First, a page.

SUKJAI PHOTO/Shutterstock

6 Signs Your Toddler Is So Ready For A Big-Kid Bed

Of all the milestones a child reaches during the toddler years, making the transition from a crib to a bed is certainly one of the most visible. The room suddenly becomes more spacious, and you don't have to wrestle with those awkward bars. But before that happy time arrives, you'll want to know the signs your toddler is ready for a bed. After all, there's no point in rushing out to IKEA or Bob's for a new piece of furniture, only to have your child avoid it like the plague (or use it as their personal trampoline).

"Most children transition from a crib to a bed between two and three years old," Andrew Bernstein, MD, FAAP, Clinical Assistant Professor of Pediatrics at the Northwestern University Feinberg School of Medicine, explains to Romper. "Some children will push that earlier if they are adventurous climbers, while others are content to stay in a crib for as long as they can."

Each child has their own temperament, personality, and sleeping habits, so don't worry if your child is still cozy in a crib as they approach preschool time. You'll know they're ready to get out from behind the bars when they show one or more of these signs.


They're Eager To Be A "Big Kid"

A toddler's desire has a lot to do with making the switch, explains Dr. Bernstein. "Waiting until a child expresses interest will often result in a child who is more motivated to stay in bed and make it work," he says. Some 2- or 3-year-olds still feel more secure in a crib, while others can't wait to get into a toddler bed. If your child is starting to gripe about being in a "baby crib," or asking when they can have a bed like yours, you'll know the process is ready to begin.


They're Good Sleepers

If your child reliably goes to bed at the same time each night, falls asleep easily, and stays in there quietly till morning, that's a good indication that they're ready to make the switch. "A child who moves and rolls around a lot at night is likely to fall out of bed, and should maybe stay in the crib a little longer," says Dr. Bernstein. And when you do make the transition from crib to bed, a guard rail is a wise move.


They're About To Be A Big Sibling

sonya etchison/Shutterstock

Parents who are adding to their family often use this as an opportunity to move their older child out of the crib. If this is your plan, the best time to make the transition is six to eight weeks before your due date, advised BabyCenter. You could also let your newborn sleep in a bassinet for a couple of months while you encourage your older child to try the new bed. As they get used to the idea of a sibling, they may be more inspired to give up "baby" things like crib sleeping.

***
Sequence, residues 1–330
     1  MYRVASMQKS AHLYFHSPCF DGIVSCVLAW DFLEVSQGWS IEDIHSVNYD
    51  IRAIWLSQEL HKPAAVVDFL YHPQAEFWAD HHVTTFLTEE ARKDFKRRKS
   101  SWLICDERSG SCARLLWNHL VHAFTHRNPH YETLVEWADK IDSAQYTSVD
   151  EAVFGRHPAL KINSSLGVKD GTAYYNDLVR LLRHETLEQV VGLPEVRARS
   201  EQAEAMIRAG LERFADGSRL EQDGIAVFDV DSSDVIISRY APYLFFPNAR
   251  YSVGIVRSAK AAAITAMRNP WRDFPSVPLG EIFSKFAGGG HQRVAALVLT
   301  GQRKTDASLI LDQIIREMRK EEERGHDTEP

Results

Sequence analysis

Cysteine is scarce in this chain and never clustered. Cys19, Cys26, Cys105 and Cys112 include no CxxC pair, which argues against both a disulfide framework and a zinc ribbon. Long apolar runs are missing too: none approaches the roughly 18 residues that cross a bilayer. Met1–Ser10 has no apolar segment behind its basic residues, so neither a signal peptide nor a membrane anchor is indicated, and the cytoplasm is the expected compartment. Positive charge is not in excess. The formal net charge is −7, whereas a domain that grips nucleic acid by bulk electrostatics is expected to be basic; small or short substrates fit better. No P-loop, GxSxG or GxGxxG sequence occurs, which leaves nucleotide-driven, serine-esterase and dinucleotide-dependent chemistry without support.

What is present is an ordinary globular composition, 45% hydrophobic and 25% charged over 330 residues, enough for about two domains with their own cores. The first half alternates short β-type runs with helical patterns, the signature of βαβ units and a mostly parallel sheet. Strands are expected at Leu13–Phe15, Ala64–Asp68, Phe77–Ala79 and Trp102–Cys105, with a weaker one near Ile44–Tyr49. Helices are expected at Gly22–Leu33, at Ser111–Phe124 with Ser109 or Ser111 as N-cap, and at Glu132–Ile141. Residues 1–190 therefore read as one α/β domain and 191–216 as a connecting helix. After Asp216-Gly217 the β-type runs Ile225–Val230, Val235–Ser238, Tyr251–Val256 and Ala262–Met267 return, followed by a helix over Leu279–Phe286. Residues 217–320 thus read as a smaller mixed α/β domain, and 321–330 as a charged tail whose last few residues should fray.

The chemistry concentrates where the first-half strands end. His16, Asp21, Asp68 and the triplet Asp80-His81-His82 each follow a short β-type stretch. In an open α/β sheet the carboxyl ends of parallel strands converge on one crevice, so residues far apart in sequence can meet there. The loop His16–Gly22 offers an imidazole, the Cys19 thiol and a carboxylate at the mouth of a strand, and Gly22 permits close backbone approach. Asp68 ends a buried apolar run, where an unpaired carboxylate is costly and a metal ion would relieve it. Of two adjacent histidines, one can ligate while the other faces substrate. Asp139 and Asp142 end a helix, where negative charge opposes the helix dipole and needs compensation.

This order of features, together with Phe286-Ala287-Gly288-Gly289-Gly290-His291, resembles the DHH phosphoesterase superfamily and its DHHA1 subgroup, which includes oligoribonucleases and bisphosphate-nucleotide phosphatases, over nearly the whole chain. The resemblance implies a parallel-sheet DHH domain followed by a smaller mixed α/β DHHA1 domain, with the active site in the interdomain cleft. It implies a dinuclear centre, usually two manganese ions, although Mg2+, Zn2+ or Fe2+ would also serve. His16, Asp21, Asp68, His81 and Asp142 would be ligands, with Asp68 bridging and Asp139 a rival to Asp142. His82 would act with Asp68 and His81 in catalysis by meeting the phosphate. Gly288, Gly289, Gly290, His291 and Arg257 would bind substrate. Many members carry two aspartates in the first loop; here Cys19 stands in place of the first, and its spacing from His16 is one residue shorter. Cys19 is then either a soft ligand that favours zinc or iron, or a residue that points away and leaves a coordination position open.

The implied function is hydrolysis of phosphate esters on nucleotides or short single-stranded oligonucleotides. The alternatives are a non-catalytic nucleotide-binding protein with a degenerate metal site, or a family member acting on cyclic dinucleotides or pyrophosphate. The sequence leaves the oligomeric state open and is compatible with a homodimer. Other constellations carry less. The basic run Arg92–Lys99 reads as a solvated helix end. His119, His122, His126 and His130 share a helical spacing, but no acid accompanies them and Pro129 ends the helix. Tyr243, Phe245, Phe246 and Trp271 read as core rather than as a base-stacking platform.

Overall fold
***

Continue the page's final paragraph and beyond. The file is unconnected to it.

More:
Their Room Is Secure

A new bed means new freedoms, so make sure you're ready for the reality that your child may get out of bed in the middle of the night, or wake up earlier than you hoped. "I stress making sure it's a safe transition," advises Dr. Bernstein. "The younger a child is when changing out of a crib, the more important it is to make sure there are no unsafe objects or situations available to the child if he or she decides to leave the bed." It may be a good idea to put a safety gate across the door at night if your child tends to roam. "There should also be soft materials on the floor next to the bed, in case the child rolls out," says Bernstein.


They're Physically And Mentally Ready

In order to make a successful switch from crib to bed, a child needs to "get in and out easily on their own, which usually means being good at walking and climbing up to the height of a bed," explains Dr. Bernstein. Many parents realize this by surprise the first time they walk into the nursery and see their toddler has climbed out of the crib by themselves. Even so, BabyCenter advised, you may want to ease into the transition by lowering the crib mattress for a time until you're sure your child is fully ready for a bed.

Your child should also be mature enough to understand that they're expected to stay in bed all night. Having a sleep training clock, which uses red and green lights to indicate when it's okay to get up, can help.


They're Toilet Trained

If you're among the lucky parents of a child who's mastered toilet training (or is almost there), that's a sign that they're mature enough to sleep consistently and safely in a toddler bed. Also, as Bernstein points out, "Nighttime toilet training goes better if children have easy access to the bathroom."

If you're considering transitioning your child from a crib to a bed, pay attention to these signs. Knowing that you and your toddler are ready for this big step can make the process easier for everyone.